Publications

Export 3 results:
Sort by: [ Author  (Asc)] Title Type Year
A B C D E F G [H] I J K L M N O P Q R S T U V W X Y Z   [Show ALL]
H
Hamiel, Y, Katz O, Lyakhovsky V, Reches Z, Fialko Y.  2006.  Stable and unstable damage evolution in rocks with implications to fracturing of granite. Geophysical Journal International. 167:1005-1016.   10.1111/j.1365-246X.2006.03126.x   AbstractWebsite

We address the relation between the rock rigidity and crack density by comparing predictions of a viscoelastic damage rheology model to laboratory data that include direct microscopic mapping of cracks. The damage rheology provides a generalization of Hookean elasticity to a non-linear continuum mechanics framework incorporating degradation and recovery of the effective elastic properties, transition from stable to unstable fracturing, and gradual accumulation of irreversible deformation. This approach is based on the assumption that the density of microcracks is uniform over a length scale much larger than the length of a typical crack, yet much smaller than the size of the entire deforming domain. For a system with a sufficiently large number of cracks, one can define a representative volume in which the crack density is uniform and introduce an intensive damage variable for this volume. We tested our viscoelastic damage rheology against sets of laboratory experiments done on Mount Scott granite. Based on fitting the entire stress-strain records the damage variable is constrained, and found to be a linear function of the crack density. An advantage of these sets experiments is that they were preformed with different loading paths and explicitly demonstrated the existence of stable and unstable fracturing regimes. We demonstrate that the viscoelastic damage rheology provides an adequate quantitative description of the brittle rock deformation and simulates both the stable and unstable damage evolution under various loading conditions. Comparison between the presented data analysis of experiments with Mount Scott granite and previous results with Westerly granite and Berea sandstone indicates that granular or porous rocks have lower seismic coupling. This implies that the portion of elastic strain released during a seismic cycle as brittle deformation depends on the lithology of the region. Hence, upper crustal regions with thick sedimentary cover, or fault zones with high degree of damage are expected to undergo a more significant inelastic deformation in the interseismic period compared to 'intact' crystalline rocks.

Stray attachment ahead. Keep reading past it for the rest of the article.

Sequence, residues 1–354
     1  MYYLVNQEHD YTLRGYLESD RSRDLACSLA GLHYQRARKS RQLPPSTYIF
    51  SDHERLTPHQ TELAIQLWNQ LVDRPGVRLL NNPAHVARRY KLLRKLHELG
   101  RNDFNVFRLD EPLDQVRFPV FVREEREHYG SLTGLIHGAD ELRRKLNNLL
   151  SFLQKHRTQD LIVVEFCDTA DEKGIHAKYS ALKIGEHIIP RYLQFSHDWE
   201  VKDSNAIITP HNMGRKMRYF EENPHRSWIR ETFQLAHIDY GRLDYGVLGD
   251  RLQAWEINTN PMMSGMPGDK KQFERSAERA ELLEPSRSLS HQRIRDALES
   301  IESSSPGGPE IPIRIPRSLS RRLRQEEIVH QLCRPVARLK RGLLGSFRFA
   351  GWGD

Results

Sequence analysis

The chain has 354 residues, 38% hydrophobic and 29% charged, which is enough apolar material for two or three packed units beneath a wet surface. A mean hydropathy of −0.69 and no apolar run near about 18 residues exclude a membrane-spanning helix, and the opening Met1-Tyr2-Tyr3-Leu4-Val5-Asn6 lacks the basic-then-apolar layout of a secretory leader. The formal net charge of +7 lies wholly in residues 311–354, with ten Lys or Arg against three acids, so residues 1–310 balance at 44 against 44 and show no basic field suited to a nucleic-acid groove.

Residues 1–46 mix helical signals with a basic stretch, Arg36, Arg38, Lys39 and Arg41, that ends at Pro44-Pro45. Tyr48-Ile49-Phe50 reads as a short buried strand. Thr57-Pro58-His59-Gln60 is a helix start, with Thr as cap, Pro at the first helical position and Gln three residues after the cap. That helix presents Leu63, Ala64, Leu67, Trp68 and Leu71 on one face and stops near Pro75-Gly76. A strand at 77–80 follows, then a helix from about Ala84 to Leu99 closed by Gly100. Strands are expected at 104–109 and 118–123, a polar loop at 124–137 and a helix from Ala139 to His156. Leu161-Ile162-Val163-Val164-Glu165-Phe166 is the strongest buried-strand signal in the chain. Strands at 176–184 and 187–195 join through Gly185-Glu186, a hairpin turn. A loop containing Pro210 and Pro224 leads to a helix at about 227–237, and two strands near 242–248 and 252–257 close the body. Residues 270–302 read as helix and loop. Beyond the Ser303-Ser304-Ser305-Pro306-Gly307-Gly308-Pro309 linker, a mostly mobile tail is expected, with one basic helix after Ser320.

Hamiel, Y, Fialko Y.  2007.  Structure and mechanical properties of faults in the North Anatolian Fault system from InSAR observations of coseismic deformation due to the 1999 Izmit (Turkey) earthquake. Journal of Geophysical Research-Solid Earth. 112   10.1029/2006jb004777   AbstractWebsite